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Blossom Valley. In a fast-paced world, David Blaze thought, a trifle sardonically, his hometown was a place unchanging.
Built on the edges of a large bay that meandered inland from Lake Ontario, it had always been a resort town, a summer escape from the oppressive July humidity and heat for the well-heeled, mostly from Canada's largest city, Toronto.
The drive, two hours-with the top down on David's mint 1957 two-seater pearl-gray rag-top convertible-followed a route that traveled pleasantly through rolling, lush hills dotted with contented cattle, faded red barns, weathered fruit stands and sleepy service stations that still sold ice-cold soda pop in thick, glass bottles.
Upon arrival, Blossom Valley's main street welcomed. The buildings were Victorian, the oldest one, now an antiques store, had a tasteful bronze plaque that said it had been built in 1832.
Each business front sparkled, lovingly restored and preserved, the paned windows polished, the hanging planters and window boxes spilling rainbow hues of petunias in cheerful abundance.
Unfortunately, the main street had been constructed-no doubt by one of David's ancestors-to accommodate horses and buggies and the occasional Model T. It was too narrow at the best of times; now it was clogged with summer traffic.
David, though he had been here only on visits since leaving after high school, found himself uncharmed by the quaintness of the main street, pretty as it was. He still had a local's impatience with the congestion.
Plus, once there had been two carefree boys who raced their bicycles in and out of the summer traffic, laughing at the tourists honking their horns at them____
David shook it off. This was the problem with being stuck in traffic in his hometown. In Toronto, being stuck in traffic was nothing. He had a car and driver at his disposal twenty-four hours a day, and it was a time to catch up on phone calls and sort through emails.
He was accustomed to running Blaze Enterprises, his Toronto-based investment firm, and he had only one speed-flat out. His position did not lend itself, thank God, to ruminating about a past that could not be changed, that was rife with losses.
Then, up ahead of him, as if mocking his attempts to leave the memories of those kids on bicycles behind, he saw a girl on a bike, threading her way through traffic with a local's panache.
The bicycle was an outlandish shade of purple, and the old-fashioned kind, with a downward sloping center bar, high handlebars and a basket. Pedaling away from him, the girl was in a calf-length, white, cotton skirt. The midday sun shone through the thinness of the summer fabric outlining the coltish length of her legs.
She was wearing a tank top, and it was as if she'd chosen it to match the bike. The girl's narrow, bare shoulders had already turned golden from the sun.
She had on a huge straw hat, the crown encircled with a thick, white ribbon that trailed down her back.
He caught a glimpse of a small, beige, wire-haired dog, or maybe a puppy, peeping around her with a faintly worried expression. The dog was sharing the bicycle basket with some green, leafy lettuce and a bouquet of sunflowers.
For a moment, David's impatience waned, and he felt the innocence of the picture-all the things that had been so good about growing up here. The girl herself seemed familiar, something about the slope of her shoulders and the way she held her head.
He could feel himself holding his breath. Then the girl shoulder checked, and he caught a glimpse of her face.
Someone honked at a jaywalker, and David began to breathe again and yanked his attention back to the traffic.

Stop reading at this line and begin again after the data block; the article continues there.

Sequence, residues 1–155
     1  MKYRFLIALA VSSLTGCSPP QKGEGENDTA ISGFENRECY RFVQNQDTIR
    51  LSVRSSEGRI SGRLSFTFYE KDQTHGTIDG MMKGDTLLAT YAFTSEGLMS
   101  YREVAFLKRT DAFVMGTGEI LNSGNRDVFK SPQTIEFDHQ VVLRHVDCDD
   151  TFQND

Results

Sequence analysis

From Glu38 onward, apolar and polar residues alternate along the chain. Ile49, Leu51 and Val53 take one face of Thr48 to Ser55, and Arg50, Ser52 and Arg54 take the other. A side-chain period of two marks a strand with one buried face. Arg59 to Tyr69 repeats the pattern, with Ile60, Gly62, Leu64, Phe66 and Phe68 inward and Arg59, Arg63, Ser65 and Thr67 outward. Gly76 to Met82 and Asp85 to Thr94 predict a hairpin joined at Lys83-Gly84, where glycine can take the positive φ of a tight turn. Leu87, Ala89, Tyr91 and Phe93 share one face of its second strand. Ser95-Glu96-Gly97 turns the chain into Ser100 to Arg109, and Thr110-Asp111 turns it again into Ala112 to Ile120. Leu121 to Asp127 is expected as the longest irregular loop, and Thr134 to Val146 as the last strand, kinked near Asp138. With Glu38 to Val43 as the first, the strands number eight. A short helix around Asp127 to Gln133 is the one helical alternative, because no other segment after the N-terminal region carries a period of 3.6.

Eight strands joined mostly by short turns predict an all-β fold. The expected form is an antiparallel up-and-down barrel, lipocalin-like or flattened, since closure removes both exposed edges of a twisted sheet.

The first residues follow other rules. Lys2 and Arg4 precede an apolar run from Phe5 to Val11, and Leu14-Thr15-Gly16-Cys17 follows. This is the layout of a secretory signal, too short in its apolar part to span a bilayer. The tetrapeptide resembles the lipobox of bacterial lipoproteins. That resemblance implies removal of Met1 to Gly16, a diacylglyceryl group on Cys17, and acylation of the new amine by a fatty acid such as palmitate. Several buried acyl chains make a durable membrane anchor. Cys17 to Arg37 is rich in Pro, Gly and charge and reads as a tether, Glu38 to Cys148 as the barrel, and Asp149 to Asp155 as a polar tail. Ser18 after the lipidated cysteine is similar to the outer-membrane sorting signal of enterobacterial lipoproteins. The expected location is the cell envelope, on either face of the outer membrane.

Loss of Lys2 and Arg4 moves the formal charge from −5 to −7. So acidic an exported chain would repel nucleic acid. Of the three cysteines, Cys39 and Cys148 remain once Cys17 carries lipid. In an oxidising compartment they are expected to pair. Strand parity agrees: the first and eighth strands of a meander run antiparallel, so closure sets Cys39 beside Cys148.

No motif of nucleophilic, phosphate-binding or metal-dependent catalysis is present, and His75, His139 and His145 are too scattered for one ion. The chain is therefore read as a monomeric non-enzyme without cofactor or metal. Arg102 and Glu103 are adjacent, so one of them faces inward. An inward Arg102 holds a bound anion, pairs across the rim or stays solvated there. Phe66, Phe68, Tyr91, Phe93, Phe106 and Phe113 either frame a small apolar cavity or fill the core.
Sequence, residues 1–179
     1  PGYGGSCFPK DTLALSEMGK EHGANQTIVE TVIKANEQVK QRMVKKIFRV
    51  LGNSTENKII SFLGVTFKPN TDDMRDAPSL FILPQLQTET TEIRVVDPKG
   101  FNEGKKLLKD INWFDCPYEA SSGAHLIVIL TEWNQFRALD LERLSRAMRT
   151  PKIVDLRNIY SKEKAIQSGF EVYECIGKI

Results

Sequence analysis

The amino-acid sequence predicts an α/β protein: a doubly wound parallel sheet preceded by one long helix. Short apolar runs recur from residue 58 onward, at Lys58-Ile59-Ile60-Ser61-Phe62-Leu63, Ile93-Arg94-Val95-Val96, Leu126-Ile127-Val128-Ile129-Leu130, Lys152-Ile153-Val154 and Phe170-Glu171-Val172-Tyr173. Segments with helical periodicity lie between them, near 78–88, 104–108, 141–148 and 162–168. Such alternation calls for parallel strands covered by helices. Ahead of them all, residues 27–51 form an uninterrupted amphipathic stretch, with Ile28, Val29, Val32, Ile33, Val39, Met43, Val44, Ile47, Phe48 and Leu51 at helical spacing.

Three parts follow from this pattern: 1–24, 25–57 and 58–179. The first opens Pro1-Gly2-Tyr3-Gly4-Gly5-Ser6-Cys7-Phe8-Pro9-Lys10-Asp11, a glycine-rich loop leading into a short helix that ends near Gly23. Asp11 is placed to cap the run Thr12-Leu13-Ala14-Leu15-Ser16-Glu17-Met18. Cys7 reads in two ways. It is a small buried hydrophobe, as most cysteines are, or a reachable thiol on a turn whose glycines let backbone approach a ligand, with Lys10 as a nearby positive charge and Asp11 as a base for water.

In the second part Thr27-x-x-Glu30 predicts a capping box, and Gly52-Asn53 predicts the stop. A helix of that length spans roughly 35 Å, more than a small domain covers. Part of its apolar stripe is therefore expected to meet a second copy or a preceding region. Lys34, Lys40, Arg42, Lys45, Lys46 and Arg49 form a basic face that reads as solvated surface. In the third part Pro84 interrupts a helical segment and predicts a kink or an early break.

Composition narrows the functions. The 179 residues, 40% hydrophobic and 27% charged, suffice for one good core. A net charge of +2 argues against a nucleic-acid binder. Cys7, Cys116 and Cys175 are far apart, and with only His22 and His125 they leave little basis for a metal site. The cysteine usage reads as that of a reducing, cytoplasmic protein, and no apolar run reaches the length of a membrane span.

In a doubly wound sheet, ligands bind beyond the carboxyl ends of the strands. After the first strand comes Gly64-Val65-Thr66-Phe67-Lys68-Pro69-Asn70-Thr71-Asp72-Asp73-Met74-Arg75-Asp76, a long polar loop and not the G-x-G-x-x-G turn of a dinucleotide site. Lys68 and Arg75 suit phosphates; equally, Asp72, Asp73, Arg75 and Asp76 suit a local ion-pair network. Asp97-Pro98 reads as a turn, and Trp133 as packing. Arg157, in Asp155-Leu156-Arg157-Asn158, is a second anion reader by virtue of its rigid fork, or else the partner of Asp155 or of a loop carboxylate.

It wasn't Kayla. It was just that his hometown stirred a certain unavoidable melancholy in him. The loss of innocence. The loss of his best friend.
Kayla. The loss of his first love.
Grimly, David snapped on his sound system and inched forward. The street, if he followed it a full six blocks, would end at Blossom Valley's claim to fame, its lakefront, Gala Beach, named not because galas were held there, but after a popular brand of apples that grew in the local orchards.
Gala Beach was a half kilometer stretch of perfect white sand in a protected cove of relatively calm, shallow water. The upper portions, shaded by fifty-year-old cottonwoods, held playground equipment and picnic tables, concessions and rental booths.
It had been a decade since David had been a lifeguard on that beach, and yet his stomach still looped crazily downward when he caught a glimpse of the sun-speckled waters of the bay sparkling at the end of Main Street.
David Blaze hated coming home.
He turned left onto Sugar Maple Lane, and the difference between it and Main Street was jarring. He was transported from the swirling noise and color and energy of Main Street to the deep, shaded silence of Sugar Maple: wide boulevards housed the huge, century-old trees that had given the street its name.
Set well off the road in large, perfectly manicured yards were turn-of-the-century, stately homes-Victorians. Solid columns supported roofs over deeply shadowed verandas. On one he caught a glimpse of white wicker furniture padded with overstuffed, color-splashed cushions that made him think of sugary ice tea in the heat of the afternoon.
And there was the girl on her bike again, up ahead of him, pedaling leisurely, fitting in perfectly with a street that invited life to slow down, to be savored-
He frowned. There was something familiar about her. And then, as he watched, the serenity of the scene suddenly dissolved.
The girl gave a small shriek and leaped from the bike. It crashed down, spilling sunflowers out onto the road. The puppy, all five pounds of it, tumbled out of the basket and darted away, tiny tail between tiny legs.
The girl was doing a mad jig, slapping at herself. It momentarily amused, but then David realized there was an edge of desperation in the wild dance. Her hat flew off, and her hair, loosely held with a band, cascaded out from under it, shiny, as straight as the ribbon around the brim of her hat, the soft light filtering through the trees turning its light brown tones to spun gold.
David felt his stomach loop crazily for the second time in a couple of minutes.
He had slowed his car to a crawl; now he slammed on the brake and shoved the gear stick into Neutral in the middle of the street. He jumped out, not even bothering to shut the door. He raced to the girl, who was slapping at her thighs through the summer-weight cotton of the skirt.
His shadow fell over her and she went very still, straightened and looked up at him.